Quenching to harden

After reading some of Mr. Eastburn's reply below, I started thinking of back when I was going to welding school in the Marine Corps almost 20 years ago.
One of our lessons was to make a chisel. We started with mild steel, got it red hot, pounded it into shape, then quenched it in oil.
We were told that quenching the steel in oil was better than quenching in water. I'm sure there was an explanation with it, but I don't remember that part. I just wanted to light that fire! :)
So: Why? What different happens when steel is cooled in water verses oil? Also, what does cooling something in sand do? I've heard of this technique before, but it seems to me that this would make some very soft steel.
I understand that the water has a lower boiling point than the steel, but other than that, I'm at a loss.
Thanks! ~Joe
P.S. ...And I hope other readers are benefiting from answers posted to my lack of knowledge questions. I can see that I am the source of 4 of the last 14 questions asked on this newsgroup.
"Martin H. Eastburn" wrote:

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Probably it wasn't mild steel, as the definition of "mild steel" is low carbon i.e. not hardenable.
Oil has less thermal shock than water, and thus gives a slightly less violent quench, gentler if you will. There are water-quenching tool steels (e.g. W-1) and there are oil-quenching (e.g. O-1) just as there are air-quenching (A-1).
You probably just didn't notice at the time what kind of steel you made your chisel out of.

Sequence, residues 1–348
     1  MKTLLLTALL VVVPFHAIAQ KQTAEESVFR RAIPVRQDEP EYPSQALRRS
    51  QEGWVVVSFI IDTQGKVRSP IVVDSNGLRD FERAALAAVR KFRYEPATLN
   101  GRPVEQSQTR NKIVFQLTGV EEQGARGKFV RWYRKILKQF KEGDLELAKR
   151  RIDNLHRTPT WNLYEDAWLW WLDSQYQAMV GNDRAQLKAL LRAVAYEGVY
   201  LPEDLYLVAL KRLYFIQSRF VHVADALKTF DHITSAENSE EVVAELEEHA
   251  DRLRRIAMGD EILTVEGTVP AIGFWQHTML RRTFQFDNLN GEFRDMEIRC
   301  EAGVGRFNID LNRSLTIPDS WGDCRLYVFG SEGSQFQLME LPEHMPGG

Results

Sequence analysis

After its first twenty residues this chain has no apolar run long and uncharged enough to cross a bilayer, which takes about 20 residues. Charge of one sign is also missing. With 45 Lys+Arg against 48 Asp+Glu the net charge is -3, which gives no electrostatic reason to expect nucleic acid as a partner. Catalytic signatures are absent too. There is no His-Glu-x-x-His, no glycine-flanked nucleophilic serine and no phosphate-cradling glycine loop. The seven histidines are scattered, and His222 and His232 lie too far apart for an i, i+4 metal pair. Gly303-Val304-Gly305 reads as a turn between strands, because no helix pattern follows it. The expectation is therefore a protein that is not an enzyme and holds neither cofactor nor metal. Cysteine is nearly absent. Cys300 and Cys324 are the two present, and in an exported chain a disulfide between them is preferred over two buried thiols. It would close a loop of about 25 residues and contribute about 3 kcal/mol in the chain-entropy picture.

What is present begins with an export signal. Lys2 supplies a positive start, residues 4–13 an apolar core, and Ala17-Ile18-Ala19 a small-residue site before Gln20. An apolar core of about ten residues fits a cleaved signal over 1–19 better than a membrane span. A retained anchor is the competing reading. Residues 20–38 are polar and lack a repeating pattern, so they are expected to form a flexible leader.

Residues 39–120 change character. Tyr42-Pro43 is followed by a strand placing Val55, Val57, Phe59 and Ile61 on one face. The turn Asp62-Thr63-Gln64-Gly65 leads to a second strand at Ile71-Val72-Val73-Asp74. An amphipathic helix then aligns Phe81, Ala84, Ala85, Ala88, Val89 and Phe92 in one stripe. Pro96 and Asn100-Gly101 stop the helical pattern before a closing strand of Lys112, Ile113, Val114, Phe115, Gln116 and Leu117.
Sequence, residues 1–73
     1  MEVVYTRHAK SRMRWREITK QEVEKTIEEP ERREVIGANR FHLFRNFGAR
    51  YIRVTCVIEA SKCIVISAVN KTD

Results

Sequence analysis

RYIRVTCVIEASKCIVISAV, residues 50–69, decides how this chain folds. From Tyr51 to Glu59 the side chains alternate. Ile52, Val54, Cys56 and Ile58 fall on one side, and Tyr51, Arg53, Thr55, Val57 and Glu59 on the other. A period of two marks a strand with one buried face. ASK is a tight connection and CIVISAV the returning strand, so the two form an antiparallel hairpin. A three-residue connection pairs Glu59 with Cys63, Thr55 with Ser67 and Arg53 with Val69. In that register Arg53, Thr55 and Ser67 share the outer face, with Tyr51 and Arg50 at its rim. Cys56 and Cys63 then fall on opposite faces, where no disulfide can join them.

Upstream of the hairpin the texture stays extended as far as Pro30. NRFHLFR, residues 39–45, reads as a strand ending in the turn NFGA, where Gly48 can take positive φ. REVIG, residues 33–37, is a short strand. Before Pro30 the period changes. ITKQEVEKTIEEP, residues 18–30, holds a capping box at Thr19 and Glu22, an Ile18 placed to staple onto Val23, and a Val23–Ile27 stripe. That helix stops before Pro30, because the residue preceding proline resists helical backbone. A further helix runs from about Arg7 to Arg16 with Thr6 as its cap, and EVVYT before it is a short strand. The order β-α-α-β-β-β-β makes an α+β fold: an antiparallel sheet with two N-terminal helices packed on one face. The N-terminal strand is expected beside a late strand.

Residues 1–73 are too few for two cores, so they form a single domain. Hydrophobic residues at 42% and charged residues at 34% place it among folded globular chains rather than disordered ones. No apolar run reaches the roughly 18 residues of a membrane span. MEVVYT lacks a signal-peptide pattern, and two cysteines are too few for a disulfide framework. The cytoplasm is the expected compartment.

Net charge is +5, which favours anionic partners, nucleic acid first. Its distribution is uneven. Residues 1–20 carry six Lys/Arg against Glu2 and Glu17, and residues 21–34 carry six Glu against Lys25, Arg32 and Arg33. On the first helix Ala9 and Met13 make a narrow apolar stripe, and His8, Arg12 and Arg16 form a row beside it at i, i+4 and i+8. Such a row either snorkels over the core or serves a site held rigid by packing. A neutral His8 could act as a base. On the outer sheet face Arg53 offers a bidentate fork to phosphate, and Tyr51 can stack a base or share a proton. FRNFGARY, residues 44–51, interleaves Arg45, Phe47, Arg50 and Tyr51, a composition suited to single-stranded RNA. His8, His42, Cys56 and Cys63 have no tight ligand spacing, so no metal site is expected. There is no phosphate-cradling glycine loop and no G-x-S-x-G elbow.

I don't know about cooling steel in sand.
Grant
jp2express wrote:

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Ok, so they probably had us use oil because they only had cheap mild steel.
Also, that explains why we used the sand on the cast iron blocks.
Thanks!
"Miller Nut" wrote:

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So, do most iron and steel sellers sell tool steel or does that have to be purchased from special shops?
"Grant Erwin" wrote:

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A couple quick basics:
It is difficult to quench harden mild steel. As Grant mentioned, what you used for making the chisel most likely was NOT mild steel.
As you increase the alloy content of steel (including carbon), the ability to quench harden increases. The general concept is that alloying elements such as Cr determine how easy it is to quench harden and the amount of carbon almost exclusively determines how hard it will be when it is quenched.
As Grant mentioned, there are different tool steels that are rated by what is needed as the quenching medium (water, oil, air) to achieve the "full" hardness. An increase in the alloying elements (including carbon) increases the ability to quench using "slower" quench media (going from water, which produces the fastest cooling rates, to oil to air, which is obviously the slowest cooling rate). In other words, a steel with a low alloy content and realtively low carbon content will require a full water quench in order to harden it. As the alloy content is increased, then a fully hardened structure can be obtained with a slower quench in oil and, if enough alloying elements are added, it may actually fully harden with just air cooling.